On 3 February 2023, a Dutch district court (the ‘Court’) published a decision in a case concerning the 2016 acquisition by a Dutch BV (the ‘Taxpayer’) of a German group, active in the manufacture and sale of production lines to produce plastic products, such as profiles, by extrusion (the ‘Group’). Before the acquisition, the Group was in distress: the Taxpayer acquired its shares and the internal receivables from the Group, with nominal value of € 44 million, for € 1, and the receivables that an unrelated creditor held from the Group (together with the aforementioned internal receivables, the ‘Receivables’), with a nominal value of € 68 million, were acquired for € 15 million.
Following the acquisition, the Taxpayer made a € 8.75 million equity injection in the Group, mainly to fund the working capital required to keep the Group operational. The Group recovered and made a € 7 million repayment to the Taxpayer on the Receivables pursuant to a 2017 sale of an interest in a listed company held by the Group. The Taxpayer used the proceeds for a dividend distribution to its shareholder, together with a dividend payment in kind of the majority of the Receivables outstanding after the repayment. At that time, the market value of the distributed Receivables exceeded the book value by € 13.4 million.
The dispute between the Taxpayer and the Dutch Tax Administration concerned the following:
- Are the realized gains on the Receivables upon distribution of the dividend exempt from corporation tax based on the Dutch participation exemption, because the Receivables either qualify as ‘profit participating loans’ or as ‘uncommercial loans’?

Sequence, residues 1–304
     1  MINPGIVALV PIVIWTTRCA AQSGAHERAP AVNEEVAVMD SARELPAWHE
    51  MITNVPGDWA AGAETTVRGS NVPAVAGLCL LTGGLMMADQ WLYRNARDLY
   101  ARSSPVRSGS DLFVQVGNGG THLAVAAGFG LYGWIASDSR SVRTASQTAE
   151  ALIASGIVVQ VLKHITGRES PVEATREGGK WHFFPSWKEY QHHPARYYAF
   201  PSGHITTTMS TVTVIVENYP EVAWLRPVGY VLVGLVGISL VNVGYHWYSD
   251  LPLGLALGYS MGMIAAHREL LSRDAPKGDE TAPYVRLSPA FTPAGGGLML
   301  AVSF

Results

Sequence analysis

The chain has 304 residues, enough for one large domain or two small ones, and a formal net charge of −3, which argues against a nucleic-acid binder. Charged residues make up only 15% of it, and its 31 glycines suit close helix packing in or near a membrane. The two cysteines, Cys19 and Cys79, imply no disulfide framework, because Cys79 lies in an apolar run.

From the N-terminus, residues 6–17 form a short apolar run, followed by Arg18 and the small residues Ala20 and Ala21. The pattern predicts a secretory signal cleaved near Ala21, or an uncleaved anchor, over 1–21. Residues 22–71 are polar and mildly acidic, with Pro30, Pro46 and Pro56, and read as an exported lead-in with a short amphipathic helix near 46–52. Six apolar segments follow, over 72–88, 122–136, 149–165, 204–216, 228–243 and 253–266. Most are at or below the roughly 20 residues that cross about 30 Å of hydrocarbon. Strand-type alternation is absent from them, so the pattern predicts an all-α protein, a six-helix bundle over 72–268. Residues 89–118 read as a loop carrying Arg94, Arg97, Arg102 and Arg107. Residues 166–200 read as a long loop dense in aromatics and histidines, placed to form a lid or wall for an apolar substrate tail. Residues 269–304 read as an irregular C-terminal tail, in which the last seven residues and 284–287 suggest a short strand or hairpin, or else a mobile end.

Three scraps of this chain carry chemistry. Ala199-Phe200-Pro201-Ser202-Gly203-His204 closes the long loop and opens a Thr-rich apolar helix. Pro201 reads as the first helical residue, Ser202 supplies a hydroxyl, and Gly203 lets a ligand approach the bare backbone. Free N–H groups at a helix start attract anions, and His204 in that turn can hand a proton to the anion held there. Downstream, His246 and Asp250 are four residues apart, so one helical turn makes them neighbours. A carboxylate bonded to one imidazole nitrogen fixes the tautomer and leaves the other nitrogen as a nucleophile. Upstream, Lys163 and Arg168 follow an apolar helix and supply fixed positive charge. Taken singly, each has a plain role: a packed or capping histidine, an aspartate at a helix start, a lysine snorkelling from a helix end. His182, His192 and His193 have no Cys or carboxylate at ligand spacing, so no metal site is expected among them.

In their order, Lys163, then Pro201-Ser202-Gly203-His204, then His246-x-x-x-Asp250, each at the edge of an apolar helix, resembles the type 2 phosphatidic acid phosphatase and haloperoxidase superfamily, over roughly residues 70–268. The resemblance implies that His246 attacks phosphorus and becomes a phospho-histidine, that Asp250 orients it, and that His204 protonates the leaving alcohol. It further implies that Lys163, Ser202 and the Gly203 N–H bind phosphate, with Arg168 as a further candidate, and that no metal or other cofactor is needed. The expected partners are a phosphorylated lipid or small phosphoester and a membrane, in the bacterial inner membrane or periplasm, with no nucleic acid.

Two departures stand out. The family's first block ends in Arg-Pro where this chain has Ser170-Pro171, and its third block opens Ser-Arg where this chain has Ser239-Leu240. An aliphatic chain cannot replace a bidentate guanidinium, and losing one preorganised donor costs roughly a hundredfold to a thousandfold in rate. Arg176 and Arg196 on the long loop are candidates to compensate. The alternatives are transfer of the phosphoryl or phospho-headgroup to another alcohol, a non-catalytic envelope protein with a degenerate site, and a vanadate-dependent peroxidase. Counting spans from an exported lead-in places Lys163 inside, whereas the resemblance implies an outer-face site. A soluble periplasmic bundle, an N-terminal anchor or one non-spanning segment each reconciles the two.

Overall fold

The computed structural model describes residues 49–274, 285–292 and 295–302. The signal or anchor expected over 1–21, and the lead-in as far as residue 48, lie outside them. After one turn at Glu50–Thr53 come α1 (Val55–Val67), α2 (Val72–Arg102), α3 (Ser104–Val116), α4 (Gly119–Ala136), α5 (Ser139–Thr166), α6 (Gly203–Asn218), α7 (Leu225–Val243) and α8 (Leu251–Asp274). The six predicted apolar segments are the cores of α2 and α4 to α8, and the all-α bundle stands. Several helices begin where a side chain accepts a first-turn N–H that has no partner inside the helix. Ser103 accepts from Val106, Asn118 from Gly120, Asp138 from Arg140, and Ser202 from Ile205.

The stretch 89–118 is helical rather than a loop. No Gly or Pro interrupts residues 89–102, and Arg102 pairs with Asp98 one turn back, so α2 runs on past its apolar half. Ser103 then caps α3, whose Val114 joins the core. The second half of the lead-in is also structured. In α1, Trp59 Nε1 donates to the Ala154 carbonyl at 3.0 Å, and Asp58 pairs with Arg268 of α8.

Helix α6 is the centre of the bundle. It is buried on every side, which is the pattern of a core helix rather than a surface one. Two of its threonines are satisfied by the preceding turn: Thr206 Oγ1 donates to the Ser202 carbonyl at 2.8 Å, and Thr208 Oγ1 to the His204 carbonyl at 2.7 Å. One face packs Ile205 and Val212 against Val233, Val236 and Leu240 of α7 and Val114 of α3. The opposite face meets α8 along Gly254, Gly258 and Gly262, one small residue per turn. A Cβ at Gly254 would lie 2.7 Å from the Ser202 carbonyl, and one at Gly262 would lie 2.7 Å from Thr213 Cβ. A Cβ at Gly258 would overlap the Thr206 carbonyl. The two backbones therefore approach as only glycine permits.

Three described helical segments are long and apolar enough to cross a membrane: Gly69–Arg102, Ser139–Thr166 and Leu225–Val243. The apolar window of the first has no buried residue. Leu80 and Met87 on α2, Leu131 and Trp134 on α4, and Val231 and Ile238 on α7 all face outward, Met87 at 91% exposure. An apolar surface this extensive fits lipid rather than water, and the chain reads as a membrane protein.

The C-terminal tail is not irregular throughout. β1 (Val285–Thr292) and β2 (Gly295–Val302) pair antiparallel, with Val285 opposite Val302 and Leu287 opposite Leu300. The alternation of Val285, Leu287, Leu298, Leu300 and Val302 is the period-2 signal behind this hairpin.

- Can the € 8.75 million equity injection be attributed to the Receivables’ book value?
- What is the amount of the taxable interest income on the Receivables to be declared by the Taxpayer?
The Court held that the Receivables do not qualify as ‘profit participating loans’, because the Receivables are not profit-sharing, and the term of the Receivables is less than 50 years. These are strict requirements for the qualification as ‘profit participating loans’, based on Dutch case law. The Court further held that the Taxpayer cannot succeed in demonstrating that the Receivables qualify as ‘uncommercial loans’, because the € 1 purchase price is at arm’s length and the Receivables are therefore inherently at arm’s length. It does not matter whether the Receivables qualified as ‘uncommercial loans’ prior to the acquisition. Therefore, the realized gains on the Receivables are not exempt from corporation tax under the participation exemption.
The Court then ruled that it is inconsistent with Dutch case law and Dutch civil law to attribute the equity injection to the Receivables’ book value. Finally, the Court held that the Taxpayer cannot rely on the Dutch Supreme Court’s ‘uncommercial loan’ doctrine in respect of the taxable interest income on ‘uncommercial receivables’, because the Receivables are at arm’s length. All interest income on the Receivables was therefore taxable.
Note that this case was given by a lower tax court. We see opportunities for the Taxpayer to successfully appeal against the Court’s ruling, as it may be argued that the Court’s conclusion on the at arm’s length nature of distressed debt acquired by investors is not in line with Dutch corporation tax and case law on ‘uncommercial loans’.
Furthermore, we believe that the Group could have avoided the tax consequences that it now faces if it had structured the acquisition more carefully, e.g., by providing the required funding as debt with a higher ranking than the Receivables or by converting the Receivables into preferred stock before the acquisition. The key take-away from this case therefore is that the acquisition of distressed debt requires careful structuring.
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